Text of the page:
the Oracle database and are used by many performance monitoring tools such as Server Manager.
Access to these views, whose names generally start with either V$ or X$, is as follows: V$ views can
be accessed either by the DBA logging in as the owner (SYS) or as a user with the select any table
privilege granted to it. The X$ views can be accessed only by user SYS.
TIP: In Oracle7, V$ performance views are accessed by any user with select any table object privilege granted to
them. X$ views are accessed only by user SYS. However, the select any table object privilege doesnt have
to give access to V$ views in Oracle8--see Chapter 25 for details.

1. The output for the report.txt file shows a great deal of hit and wait information. What do you
think this information means? What sorts of values (high or low) for hits and waits do you think
indicate good or poor database performance?
2. You are the DBA on a database experiencing performance problems accessing information from
many dictionary views. The database has been running for a while. You use the UTLBSTAT and
UTLESTAT utilities to pinpoint the cause of the performance degradation. In what area might
you look in the output file to see if there is a problem?
3. Name the sections of the report.txt file and identify uses for each.

Understanding Latch Contention

To monitor and control access to most Oracle system resources, there are mechanisms called latches
that limit the amount of time and space any single process can command the resource at any given
time. Monitoring the latch that controls access to the resource is the method used to determine if there
is a problem with contention for the resource. A latch is simply an object in the Oracle database that a
process must obtain access to in order to conduct a certain type of activity.
TIP: Contention is when one process in the Oracle database wants a resource to which another process has access.
There is always some amount of contention for resources in the database. As long as those processes that
hold access to resources via the latch do not hold it for a long time, things on the Oracle database should
run smoothly. It is when processes contend for resources for a long time that the DBA must intervene to
solve the problem.

Latches Available in Oracle

As with any other monitoring exercise, there are V$ dynamic performance views provided by Oracle to
assist in the task of observing the performance of the resource. In this case, there are two views that
accomplish the task. They are V$LATCHHOLDER and V$LATCH. V$LATCH gives statistical
information about each latch in the system, like the number of times a process waited for and obtained
the latch. There are approximately 40 different latches in Oracle (possibly more, depending on the
options installed and used). V$LATCHHOLDER tells the DBA which latches are being held at the
moment, and identifies the processes that are holding those latches. Unfortunately, this information is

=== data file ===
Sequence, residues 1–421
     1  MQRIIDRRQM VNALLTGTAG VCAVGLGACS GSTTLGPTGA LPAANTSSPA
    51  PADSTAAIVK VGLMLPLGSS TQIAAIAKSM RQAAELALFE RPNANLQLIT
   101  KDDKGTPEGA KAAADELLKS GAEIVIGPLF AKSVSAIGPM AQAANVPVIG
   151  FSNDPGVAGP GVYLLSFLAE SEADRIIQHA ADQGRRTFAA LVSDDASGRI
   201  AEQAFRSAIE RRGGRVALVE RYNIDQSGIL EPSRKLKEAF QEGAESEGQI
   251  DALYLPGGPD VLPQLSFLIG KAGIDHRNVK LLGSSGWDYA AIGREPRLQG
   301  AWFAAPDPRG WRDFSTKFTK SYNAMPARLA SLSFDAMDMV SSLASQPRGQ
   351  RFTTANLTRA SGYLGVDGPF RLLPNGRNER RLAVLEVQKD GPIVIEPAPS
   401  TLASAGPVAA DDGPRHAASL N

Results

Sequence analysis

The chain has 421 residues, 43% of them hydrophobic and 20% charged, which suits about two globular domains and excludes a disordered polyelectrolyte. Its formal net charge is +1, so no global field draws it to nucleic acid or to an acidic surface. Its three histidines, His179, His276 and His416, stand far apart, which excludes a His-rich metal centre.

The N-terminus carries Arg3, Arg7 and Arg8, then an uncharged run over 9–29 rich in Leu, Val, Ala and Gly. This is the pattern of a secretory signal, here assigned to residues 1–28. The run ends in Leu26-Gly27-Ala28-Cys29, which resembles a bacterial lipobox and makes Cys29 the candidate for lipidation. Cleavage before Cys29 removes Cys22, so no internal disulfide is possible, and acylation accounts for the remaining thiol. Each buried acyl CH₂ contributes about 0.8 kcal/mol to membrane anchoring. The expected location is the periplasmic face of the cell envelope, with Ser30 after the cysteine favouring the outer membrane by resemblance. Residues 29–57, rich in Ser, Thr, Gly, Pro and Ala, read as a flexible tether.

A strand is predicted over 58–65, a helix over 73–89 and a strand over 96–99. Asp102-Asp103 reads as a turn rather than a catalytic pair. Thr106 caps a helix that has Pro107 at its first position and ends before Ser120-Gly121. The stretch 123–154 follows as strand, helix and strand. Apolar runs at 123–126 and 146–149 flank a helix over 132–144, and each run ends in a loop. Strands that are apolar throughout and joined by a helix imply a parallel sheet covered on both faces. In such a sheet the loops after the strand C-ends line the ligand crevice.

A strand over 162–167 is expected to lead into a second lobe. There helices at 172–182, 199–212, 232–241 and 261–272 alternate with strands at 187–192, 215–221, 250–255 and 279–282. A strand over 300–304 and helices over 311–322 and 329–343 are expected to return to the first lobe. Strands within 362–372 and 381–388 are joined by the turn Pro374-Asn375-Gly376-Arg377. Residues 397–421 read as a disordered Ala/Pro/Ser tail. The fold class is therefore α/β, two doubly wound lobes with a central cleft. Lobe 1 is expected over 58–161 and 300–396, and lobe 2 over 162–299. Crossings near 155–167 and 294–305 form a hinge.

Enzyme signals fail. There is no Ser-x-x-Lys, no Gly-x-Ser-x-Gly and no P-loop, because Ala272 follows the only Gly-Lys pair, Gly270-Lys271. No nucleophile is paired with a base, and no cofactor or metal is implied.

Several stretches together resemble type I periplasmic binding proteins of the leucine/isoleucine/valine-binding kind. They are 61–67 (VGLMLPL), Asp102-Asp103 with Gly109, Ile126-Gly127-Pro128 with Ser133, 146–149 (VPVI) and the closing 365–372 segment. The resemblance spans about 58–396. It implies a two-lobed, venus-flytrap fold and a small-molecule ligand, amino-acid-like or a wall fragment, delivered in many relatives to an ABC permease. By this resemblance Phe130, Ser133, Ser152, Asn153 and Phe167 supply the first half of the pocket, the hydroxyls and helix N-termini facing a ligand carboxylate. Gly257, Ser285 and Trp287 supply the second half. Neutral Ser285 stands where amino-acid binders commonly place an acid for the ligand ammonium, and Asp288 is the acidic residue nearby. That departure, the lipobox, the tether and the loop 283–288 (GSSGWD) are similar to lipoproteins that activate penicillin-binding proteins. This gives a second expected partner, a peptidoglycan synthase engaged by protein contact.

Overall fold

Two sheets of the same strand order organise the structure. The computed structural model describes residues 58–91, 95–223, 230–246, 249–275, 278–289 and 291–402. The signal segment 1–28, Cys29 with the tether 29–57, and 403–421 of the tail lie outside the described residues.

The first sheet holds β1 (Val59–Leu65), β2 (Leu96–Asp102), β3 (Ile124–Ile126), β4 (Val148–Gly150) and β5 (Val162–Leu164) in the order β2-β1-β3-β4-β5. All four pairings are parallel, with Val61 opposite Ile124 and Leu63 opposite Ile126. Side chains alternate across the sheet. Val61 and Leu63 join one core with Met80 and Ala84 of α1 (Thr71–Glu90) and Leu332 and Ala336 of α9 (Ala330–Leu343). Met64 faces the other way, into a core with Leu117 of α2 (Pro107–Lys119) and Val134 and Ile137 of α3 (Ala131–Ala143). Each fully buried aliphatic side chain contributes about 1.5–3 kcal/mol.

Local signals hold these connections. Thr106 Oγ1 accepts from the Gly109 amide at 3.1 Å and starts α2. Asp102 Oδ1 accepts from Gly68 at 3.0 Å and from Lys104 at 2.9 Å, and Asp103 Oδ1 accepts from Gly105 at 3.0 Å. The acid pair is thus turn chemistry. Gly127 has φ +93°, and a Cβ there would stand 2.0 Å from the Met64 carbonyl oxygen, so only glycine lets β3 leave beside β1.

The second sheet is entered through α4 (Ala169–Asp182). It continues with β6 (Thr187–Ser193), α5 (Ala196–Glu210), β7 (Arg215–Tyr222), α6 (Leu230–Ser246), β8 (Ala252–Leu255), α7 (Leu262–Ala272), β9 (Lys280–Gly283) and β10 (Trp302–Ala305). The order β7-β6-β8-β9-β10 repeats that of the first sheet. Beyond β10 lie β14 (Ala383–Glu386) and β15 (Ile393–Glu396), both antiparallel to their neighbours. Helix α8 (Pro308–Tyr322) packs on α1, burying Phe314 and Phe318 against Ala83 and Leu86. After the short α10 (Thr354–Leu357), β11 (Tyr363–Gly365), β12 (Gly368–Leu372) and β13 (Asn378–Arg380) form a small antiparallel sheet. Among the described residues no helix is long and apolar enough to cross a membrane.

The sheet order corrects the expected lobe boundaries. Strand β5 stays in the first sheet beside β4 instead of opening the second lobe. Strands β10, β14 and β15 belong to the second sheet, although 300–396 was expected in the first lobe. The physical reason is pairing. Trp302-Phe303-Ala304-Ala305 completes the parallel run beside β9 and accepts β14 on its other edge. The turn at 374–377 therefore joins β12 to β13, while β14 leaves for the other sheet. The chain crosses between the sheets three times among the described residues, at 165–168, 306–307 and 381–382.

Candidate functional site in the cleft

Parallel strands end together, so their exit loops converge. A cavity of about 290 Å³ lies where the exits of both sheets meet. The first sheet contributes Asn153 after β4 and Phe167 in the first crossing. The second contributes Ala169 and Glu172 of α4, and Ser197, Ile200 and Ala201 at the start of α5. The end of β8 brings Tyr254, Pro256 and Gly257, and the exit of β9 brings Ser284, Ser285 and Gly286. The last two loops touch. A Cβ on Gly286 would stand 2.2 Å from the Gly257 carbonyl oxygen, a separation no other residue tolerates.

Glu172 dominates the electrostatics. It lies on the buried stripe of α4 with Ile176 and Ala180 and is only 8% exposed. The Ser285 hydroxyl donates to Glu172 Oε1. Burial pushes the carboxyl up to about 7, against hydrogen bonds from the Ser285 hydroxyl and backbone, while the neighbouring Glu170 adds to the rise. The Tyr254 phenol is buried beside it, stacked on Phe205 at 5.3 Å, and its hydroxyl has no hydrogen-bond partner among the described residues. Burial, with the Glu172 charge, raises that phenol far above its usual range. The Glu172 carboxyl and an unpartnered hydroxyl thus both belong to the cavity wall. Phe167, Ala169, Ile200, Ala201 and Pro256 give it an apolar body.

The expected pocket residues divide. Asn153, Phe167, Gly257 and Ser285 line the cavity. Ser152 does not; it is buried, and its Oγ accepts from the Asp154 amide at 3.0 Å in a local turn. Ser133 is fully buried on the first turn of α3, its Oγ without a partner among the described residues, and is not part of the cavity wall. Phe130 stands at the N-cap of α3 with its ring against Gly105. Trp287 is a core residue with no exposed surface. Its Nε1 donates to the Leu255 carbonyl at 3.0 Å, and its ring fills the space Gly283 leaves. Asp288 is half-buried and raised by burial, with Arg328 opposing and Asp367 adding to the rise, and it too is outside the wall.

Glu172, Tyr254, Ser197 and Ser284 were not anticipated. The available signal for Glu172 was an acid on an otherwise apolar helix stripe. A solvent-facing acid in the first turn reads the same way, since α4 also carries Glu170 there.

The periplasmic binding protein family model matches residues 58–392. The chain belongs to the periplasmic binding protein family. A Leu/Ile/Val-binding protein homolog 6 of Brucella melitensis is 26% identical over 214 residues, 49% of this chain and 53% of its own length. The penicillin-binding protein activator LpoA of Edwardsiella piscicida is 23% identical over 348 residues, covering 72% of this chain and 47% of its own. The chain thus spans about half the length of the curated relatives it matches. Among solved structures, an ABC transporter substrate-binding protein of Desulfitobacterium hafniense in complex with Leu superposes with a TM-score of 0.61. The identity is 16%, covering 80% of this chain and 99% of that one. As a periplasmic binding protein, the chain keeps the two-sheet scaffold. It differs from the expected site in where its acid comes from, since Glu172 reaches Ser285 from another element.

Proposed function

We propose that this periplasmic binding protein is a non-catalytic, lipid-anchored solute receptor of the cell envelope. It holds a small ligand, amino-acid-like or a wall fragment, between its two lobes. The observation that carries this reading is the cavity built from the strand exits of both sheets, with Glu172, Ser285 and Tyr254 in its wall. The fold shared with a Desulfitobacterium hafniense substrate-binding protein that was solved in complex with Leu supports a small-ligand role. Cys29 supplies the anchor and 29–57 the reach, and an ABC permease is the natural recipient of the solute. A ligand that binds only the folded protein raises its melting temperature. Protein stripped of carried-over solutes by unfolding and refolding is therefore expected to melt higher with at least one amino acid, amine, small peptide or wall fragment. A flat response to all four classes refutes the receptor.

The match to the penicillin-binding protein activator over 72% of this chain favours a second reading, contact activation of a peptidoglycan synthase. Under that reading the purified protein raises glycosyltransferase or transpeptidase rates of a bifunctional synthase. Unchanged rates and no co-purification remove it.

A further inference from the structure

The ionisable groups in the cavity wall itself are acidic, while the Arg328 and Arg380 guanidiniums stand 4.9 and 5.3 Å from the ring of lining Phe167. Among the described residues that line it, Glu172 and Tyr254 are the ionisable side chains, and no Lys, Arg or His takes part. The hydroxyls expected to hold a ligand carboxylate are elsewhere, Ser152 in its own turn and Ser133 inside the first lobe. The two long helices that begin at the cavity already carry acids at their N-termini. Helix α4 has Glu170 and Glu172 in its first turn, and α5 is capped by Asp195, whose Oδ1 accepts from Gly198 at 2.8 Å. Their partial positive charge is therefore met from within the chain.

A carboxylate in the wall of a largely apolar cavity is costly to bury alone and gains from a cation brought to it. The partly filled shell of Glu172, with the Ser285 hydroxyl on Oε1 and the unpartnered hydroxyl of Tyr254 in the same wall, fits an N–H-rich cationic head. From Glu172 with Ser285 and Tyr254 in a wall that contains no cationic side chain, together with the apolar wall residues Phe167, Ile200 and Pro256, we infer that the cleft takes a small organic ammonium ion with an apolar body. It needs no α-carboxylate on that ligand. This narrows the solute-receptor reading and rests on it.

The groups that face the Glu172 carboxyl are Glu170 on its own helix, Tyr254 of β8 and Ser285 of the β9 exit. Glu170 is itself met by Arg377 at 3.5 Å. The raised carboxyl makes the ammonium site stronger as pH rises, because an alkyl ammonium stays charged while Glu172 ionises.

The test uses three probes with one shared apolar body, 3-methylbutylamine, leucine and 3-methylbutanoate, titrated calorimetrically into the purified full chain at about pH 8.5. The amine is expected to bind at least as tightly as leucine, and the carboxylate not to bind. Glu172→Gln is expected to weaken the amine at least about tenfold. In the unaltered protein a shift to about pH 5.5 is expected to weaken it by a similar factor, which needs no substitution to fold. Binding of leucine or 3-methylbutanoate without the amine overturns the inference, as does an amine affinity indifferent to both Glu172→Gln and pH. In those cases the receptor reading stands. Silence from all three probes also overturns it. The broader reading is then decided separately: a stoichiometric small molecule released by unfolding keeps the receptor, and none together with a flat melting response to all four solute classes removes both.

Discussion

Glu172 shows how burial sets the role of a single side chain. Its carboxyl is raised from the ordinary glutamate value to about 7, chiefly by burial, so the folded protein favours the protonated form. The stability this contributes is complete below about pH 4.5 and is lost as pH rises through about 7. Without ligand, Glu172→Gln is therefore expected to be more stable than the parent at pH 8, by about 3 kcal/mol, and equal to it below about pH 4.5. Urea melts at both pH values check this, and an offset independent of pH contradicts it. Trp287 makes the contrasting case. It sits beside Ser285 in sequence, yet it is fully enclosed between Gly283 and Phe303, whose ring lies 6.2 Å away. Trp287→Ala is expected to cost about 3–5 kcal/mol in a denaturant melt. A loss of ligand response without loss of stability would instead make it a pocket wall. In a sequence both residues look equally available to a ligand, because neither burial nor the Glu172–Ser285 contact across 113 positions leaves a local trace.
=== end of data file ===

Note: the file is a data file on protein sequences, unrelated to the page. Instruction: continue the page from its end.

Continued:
stored in V$LATCHHOLDER and V$LATCH according to latch number, while the actual names of the
latches corresponding to latch number are stored only in V$LATCHNAME.
The following code block shows the contents of V$LATCHNAME, a dynamic performance view that
contains the names of all latches in the database, along with their corresponding latch numbers. The
name of the latch is stored in this view only, and can be joined with data stored in the other V$ views

on latches by latch number. This listing should give an idea about the types of latches that are available
in Oracle:
SELECT * FROM v$latchname;
--------- ------------------------0
latch wait list
process allocation
session allocation
session switching
session idle bit
trace latch
cache buffers chains
cache buffers lru chain
cache buffer handle
multiblock read objects
cache protection latch
system commit number
archive control
redo allocation
redo copy
dml lock allocation
transaction allocation
undo global data
sequence cache
row cache objects
cost function
user lock
global transaction mapping table
global transaction
shared pool
library cache
virtual circuit buffers
virtual circuit queues
virtual circuits
NLS data objects
query server process
query server freelists
error message lists
process queue
process queue reference
parallel query stats
The latches in the list above manage many different resources on the Oracle database. Those resources,
along with some of the latches from above that handle management of that resource, are listed below:
Buffer cache Cache buffers chain, cache buffers LRU chain, cache buffer handle,

multiblock read objects, cache protection latch

Redo log Redo allocation, redo copy
Shared pool Shared pool, library cache, row cache objects
Archiving redo Archive control
User processes and sessions Process allocation, session allocation, session switching,
session idle bit

Obtaining Latches
To obtain any of the resources listed in the previous code block, the process must first acquire the latch.
Processes that request latches to perform activities using Oracle resources do not always obtain the
latch the first time they request them. There are two behaviors that processes will undertake when they
need to use a latch and find that the latch is not available for their use. One is that the process will wait
for the latch to become available for the processs use. The other is that the process will not wait for the
latch to become available, but instead will move on within its own process.
V$LATCHHOLDER handles identifying the processes running on the database that are holding
latches. These particular processes may be causing waits on the system. A query against
V$LATCHHOLDER will allow the user to identify the process IDs for all processes holding the latch.